We are seeing open source software becoming more common in day-to-day business. Most applications you use have implemented open-source code to some extent so that it more effectively suits an organisation’s IT operating environment. Ready availability, functionality and low cost are key drivers for the widespread implementation. However, do boards and management teams fully understand how much is being used, whether it is being monitored effectively, and are the risks that come with it appreciated and appropriately managed?
What is open source software?
Ultimately it is freely available software that can be used, distributed and amended as an organisation sees fit. What are the benefits of using the software?
- free to use however you wish;
- free to redistribute copies;
- free to understand how it works and adapt it; and
- free to make and share improvements with anyone.
However, because it is so accessible, it presents clear risks.
In such an open environment, where any contributor can store potentially harmful code into the fully available software code library, what assurance do you have that this code is safe?
In this instance, though the library includes security considerations any developer should follow, there are methods to mitigate these risks and help ensure your organisation is protected.
Open source risk management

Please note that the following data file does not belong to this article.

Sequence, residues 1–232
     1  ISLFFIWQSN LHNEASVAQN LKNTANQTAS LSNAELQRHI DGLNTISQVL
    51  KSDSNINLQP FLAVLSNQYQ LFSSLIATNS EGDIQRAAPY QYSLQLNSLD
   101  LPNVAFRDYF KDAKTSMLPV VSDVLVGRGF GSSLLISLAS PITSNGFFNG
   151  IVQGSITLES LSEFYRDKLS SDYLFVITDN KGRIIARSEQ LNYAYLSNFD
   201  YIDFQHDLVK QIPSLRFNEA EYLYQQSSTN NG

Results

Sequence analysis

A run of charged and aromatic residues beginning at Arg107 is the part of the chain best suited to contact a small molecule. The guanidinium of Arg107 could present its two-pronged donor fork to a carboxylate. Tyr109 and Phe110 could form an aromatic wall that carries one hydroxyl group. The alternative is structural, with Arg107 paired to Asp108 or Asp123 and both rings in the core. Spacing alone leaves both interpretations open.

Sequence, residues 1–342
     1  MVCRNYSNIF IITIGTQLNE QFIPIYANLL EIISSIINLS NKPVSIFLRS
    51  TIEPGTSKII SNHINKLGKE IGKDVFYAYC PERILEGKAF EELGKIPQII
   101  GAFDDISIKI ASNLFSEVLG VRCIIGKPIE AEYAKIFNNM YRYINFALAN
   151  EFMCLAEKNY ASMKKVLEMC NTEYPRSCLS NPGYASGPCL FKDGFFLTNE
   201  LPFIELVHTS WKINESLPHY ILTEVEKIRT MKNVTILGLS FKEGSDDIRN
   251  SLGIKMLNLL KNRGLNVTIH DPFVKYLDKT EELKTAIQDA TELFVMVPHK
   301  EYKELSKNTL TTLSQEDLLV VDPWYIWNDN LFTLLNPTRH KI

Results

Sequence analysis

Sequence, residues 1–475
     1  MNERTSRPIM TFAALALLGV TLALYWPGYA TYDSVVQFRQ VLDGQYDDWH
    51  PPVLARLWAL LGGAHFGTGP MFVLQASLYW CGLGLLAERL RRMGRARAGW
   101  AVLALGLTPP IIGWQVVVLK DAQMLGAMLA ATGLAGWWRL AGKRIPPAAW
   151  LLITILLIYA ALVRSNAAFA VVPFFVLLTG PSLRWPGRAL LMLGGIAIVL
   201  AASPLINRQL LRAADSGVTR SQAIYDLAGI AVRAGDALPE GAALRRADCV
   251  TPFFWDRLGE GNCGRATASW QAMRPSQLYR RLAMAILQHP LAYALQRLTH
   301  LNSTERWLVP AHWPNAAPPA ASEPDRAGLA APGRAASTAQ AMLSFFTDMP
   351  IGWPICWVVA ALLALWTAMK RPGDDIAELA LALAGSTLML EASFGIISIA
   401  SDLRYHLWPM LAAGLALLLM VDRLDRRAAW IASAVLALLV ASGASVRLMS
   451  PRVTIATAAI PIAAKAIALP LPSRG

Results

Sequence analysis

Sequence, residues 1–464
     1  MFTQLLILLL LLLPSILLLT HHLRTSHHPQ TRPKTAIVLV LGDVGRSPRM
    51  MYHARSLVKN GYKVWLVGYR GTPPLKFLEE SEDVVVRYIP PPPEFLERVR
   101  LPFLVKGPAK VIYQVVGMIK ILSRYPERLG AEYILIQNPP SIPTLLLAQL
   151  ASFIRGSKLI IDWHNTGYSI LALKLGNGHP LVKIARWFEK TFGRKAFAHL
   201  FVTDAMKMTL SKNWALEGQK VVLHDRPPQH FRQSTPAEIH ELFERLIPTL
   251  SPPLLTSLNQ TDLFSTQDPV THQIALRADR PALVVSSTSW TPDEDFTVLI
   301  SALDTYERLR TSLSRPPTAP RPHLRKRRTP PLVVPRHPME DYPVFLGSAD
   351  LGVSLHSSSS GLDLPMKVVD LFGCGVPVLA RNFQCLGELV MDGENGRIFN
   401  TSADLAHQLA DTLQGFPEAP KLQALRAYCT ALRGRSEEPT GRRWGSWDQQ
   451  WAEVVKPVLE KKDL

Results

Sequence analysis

A key concern is that malicious code may exist within the software which then gets introduced to your organisation. How are you supposed to know it is there, and how much damage it could do?
Moreover, often risks include:
- acquisition, support and maintenance costs may outweigh those of the proprietary packages and include ‘hidden’ costs such as embedded license fees;
- weaknesses in the OSS implementation and ongoing maintenance process result in a loss to your systems confidentiality, availability and integrity; and
- an absence of a robust OSS inventory process resulting in unrecorded software in use that presents security and legal license risks.
It is therefore crucial that organisations implement and follow a focused open source control framework that includes:
- a defined open source inventory;
- clearly defined processes are in place so development teams understand what should be used and any internal sign off requirements;
- specific patch management controls; and
- linkages of opens source software to primary business functions and related business continuity arrangements.
It is critical that firms follow these simple steps at a minimum. Cybercriminals are constantly looking to exploit weaknesses in infrastructure, and largely businesses have not considered how vulnerable they are without a focused control framework.